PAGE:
Lots of people are tired these days, and it’s not just physical fatigue. On both emotional and mental levels, the burnout is palpable. We see it in health care professionals, teachers, clergy and especially among parents. There’s even a trend among young people to stay in bed all day as a form of self-care; revealingly, it’s called “bed-rotting.”

As specialists in women’s issues and mental health, we are sensitive to this very real problem, especially among women. The need for self-care is real, and arguably greater than ever. But to help women find real rejuvenation, it is important to distinguish between genuine and sustaining self-care and the heavily marketed forms of self-indulgence that can sometimes create more problems than they solve. 

This self-care market includes not just products, but a growing proliferation of women’s retreats, to include yoga retreats, goddess retreats, healing retreats, adventure retreats, burnout recovery retreats and self-discovery retreats, among others.

Clearly we all need a little relaxation and solitude to think and regroup now and again, but the expanding self-care industry, which promises emotional health in the form of expensive trips and excursions, can become more than a financial drain. 

It doesn’t help that some of these retreat environments are crafted to keep you coming back. They are so pampering and peaceful that reentry into real life can send us careening back to even worse states of minds that when we arrived.

The subtle message of resort-style self-care can be that responsibility and service are at odds with personal growth and contentment. But that’s not how self-care was originally understood — and it’s not what ultimately nurtures us.

The history of self-care

The notion of self-care was first coined as a medical term in the 1950s, before being popularized during the civil rights movement. An emphasis on self-care was later introduced into the American Psychological Association’s Code of Ethics in 2002, instructing psychologists to make sure their own personal stresses were not impacting their clients negatively.

The current APA Code of Ethics says that, even in their personal lives, psychologists should refrain from anything they believe will impact their work negatively. Because vulnerable people rely significantly on these mental health professionals, they essentially have an ethical obligation to maintain their ability to help others.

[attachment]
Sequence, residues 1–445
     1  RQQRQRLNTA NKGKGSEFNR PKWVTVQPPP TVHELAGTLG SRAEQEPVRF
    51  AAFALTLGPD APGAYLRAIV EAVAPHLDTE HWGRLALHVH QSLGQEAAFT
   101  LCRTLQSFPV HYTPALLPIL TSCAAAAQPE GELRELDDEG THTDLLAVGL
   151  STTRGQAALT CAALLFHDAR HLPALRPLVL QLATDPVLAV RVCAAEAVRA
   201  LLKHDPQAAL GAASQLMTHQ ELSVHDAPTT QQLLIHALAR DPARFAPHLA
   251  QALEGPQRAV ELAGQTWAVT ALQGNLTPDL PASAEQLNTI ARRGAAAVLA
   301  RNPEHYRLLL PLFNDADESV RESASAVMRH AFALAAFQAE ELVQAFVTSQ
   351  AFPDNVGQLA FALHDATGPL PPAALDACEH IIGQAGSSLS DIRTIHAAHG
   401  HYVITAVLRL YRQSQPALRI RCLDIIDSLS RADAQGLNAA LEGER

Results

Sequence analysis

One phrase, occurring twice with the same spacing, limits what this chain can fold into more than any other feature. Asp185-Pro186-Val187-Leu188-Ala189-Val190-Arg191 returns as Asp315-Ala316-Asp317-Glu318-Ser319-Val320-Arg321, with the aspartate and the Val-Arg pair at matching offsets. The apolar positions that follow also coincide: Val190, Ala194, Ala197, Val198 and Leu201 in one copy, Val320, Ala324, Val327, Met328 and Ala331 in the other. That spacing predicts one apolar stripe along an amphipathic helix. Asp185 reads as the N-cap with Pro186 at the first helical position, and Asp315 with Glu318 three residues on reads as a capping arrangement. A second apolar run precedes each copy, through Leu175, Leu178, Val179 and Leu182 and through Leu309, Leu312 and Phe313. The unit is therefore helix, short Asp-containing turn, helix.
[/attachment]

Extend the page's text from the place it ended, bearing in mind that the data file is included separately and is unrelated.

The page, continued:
Notice that the emphasis is not on the professional’s personal desires here, but on ensuring that vulnerable people get needed help. The caregiver is encouraged to arrange her private life in order to better serve those in need. Self-care, in this light, is an activity ultimately directed at helping others.

So how did we get from this broader understanding of self-care to something more like, “I need to protect my own happiness, no matter what it means for those around me”

We flipped the script. In place of an ethical imperative to not overdo things so we can protect our stamina, we’ve come to prioritize a #MeFirst ethos. As one internet commenter put it, “My ideal version of self-care is cute pajamas, Netflix and ignoring everything else for a month straight.” 

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Clearly, this kind of self-care is not oriented toward others, but sees one’s own comfort —usually in the form of freedom from responsibilities to others — as the highest good.

But this ends up being a mirage. Because this kind of self-care isn’t making us any happier. 

The pain of self-absorption

Drawing on her work as a social scientist, Jenet Erickson recently taught that “We are not designed to be autonomous, self-actualized individuals. ... It is in connecting with another that we begin to know who we are.”

Referring to rising levels of loneliness and mental health challenges, Erickson notes that individualism, workism, the decreased marriage rate, diminished community engagement, declining religiosity and social media all seem to have played a role, with the “deepest loneliness stemming from disruption and disorder in family life.”

“A culture focused on radical individualism has left us hungry,” she said.